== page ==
My work also looks at what can be done at the population and public health level. This means engaging with governments and decision makers to help shape the environments in which we live, and the structures that shape our lives. To support lifestyles that are healthier, social inequality, and brain health are connected. The design of our cities can sometimes make it difficult to exercise. Fresh, healthy food can also be expensive or even inaccessible, depending on where you live and this is why we are also looking at workplaces and governments to develop policies that really support brain health. And it goes without saying that these actions will also promote general health, but there are things you can do to help improve the big picture, and this means advocating or voting for improve public health that supports better brain health and ageing. 

Another thing you can do is push back against ageism. Now ageism is discrimination and involves negative stereotypes based on age. Having negative expectations about ageing has been shown to lead to poor health outcomes, and even a shorter life expectancy. If we assume that health problems and chronic disease are just a normal part of getting older, then we are less likely to do something about them. But realising that we can address these things, and expect to have a good quality of life as we age will provide the best opportunity for brain health. So knowing everything I know about ageing and the brain, how do I feel about ageing myself?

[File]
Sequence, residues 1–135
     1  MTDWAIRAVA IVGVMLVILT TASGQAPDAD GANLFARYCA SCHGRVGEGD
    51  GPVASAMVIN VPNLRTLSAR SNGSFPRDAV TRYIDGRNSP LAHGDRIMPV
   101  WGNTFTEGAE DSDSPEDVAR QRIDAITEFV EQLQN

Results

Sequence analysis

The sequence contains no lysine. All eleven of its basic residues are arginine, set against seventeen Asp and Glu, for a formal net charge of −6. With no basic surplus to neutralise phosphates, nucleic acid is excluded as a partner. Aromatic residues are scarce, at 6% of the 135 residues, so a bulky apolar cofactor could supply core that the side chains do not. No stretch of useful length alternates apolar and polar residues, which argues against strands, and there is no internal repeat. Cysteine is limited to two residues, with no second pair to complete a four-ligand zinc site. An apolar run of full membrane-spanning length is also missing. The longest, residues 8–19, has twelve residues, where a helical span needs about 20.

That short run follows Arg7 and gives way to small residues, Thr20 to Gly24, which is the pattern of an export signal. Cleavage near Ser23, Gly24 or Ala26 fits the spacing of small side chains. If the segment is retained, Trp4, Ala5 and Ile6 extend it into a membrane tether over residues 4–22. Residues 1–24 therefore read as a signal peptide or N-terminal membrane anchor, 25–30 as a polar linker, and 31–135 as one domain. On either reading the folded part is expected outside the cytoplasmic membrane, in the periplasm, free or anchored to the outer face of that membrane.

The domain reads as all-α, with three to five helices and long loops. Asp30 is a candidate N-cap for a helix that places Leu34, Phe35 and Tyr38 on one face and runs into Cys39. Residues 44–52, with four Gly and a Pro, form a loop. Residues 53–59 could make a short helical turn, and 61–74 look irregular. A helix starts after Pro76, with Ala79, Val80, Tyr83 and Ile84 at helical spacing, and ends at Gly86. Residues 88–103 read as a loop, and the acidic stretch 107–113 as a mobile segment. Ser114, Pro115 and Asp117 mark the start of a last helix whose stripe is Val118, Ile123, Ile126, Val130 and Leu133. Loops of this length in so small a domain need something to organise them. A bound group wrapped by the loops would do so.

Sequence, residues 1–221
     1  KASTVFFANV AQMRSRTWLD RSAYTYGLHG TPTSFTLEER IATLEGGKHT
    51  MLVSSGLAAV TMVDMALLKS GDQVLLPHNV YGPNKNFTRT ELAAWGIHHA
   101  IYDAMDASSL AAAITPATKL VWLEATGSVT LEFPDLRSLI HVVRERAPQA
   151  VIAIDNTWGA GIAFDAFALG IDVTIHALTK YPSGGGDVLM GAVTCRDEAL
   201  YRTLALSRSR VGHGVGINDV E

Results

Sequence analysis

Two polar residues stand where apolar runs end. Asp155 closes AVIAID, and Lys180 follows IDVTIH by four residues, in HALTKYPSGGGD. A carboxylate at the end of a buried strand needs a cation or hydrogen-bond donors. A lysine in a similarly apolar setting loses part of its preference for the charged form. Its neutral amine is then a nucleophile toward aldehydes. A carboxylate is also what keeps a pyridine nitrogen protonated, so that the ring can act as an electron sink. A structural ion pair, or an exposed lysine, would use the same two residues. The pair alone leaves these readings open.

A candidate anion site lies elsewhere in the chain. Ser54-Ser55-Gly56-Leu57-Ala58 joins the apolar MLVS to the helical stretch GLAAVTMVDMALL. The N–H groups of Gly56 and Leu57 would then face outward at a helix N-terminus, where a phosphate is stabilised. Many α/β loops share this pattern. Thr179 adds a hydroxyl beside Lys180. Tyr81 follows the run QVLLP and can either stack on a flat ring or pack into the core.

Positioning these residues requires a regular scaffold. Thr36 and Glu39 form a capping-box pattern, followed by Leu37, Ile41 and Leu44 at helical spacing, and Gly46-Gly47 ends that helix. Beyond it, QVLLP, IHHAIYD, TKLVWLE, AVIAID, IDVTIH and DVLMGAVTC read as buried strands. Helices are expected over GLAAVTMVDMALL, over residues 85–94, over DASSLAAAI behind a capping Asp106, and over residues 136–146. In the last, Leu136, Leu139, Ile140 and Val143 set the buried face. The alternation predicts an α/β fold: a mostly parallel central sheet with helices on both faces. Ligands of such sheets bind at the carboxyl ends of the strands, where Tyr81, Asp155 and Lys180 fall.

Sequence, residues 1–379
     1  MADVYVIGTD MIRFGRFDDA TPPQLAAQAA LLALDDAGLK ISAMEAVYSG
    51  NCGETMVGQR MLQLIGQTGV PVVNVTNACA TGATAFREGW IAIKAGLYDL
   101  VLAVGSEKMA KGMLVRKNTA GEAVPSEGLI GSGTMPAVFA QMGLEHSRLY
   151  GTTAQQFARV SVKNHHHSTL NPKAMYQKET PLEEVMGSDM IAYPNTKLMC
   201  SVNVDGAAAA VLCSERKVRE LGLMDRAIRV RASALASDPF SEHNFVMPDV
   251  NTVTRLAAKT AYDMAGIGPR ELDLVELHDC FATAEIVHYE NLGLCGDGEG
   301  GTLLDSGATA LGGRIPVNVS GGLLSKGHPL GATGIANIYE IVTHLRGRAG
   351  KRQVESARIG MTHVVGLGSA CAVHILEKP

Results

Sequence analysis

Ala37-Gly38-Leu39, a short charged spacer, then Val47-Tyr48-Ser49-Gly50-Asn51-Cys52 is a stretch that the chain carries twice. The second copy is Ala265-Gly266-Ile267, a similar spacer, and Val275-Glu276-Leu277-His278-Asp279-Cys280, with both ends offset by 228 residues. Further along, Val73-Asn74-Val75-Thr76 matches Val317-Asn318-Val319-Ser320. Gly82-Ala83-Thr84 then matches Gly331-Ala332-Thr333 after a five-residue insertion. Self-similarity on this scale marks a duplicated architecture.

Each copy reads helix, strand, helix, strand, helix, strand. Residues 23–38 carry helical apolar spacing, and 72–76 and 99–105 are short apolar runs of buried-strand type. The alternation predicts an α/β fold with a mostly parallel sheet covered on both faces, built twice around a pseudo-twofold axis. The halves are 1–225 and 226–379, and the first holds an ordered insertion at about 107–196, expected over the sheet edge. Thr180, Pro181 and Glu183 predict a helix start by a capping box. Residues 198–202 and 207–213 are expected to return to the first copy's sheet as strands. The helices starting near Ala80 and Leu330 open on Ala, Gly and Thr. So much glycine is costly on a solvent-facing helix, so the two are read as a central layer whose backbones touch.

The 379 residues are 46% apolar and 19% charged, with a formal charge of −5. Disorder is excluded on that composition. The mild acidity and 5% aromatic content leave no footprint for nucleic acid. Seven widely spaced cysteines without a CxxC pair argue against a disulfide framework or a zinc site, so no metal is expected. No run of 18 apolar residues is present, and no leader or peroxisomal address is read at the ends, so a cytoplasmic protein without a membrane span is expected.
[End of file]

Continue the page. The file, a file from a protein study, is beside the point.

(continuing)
Well, I'm doing what I can now like eating a healthy diet, so I can benefit my brain in later life. But I've also learned that there's a lot to look forward to in getting older – overall happiness, life satisfaction and even self acceptance are found to increase as you age, so regardless of whether you see yourself as young, old, or somewhere in between, I hope you'll join me in not just ageing, but ageing better together. 

UNSW Centre for Ideas: Thanks for listening. For more information, visit and don't forget to subscribe wherever you get your podcasts.  

Headshot of Kaarin Antsey

Kaarin Anstey

Kaarin Anstey is a Scientia Professor Anstey and ARC Laureate Fellow in the School of Psychology at UNSW Sydney. Kaarin was the Chief Investigator on the ARC Centre of Excellence in Population Ageing Research (2011-17) and is Co-Deputy Director of the current ARC Centre of Excellence in Population Ageing Research (2017-2024) where she also co-leads the Cognitive and Decision Making Stream. Kaarin is Chair of the International Research Network on Dementia Prevention, and a member of the Governance Committee of the Global Council on Brain Health, an initiative supported by the American Association of Retired Persons and AgeUK.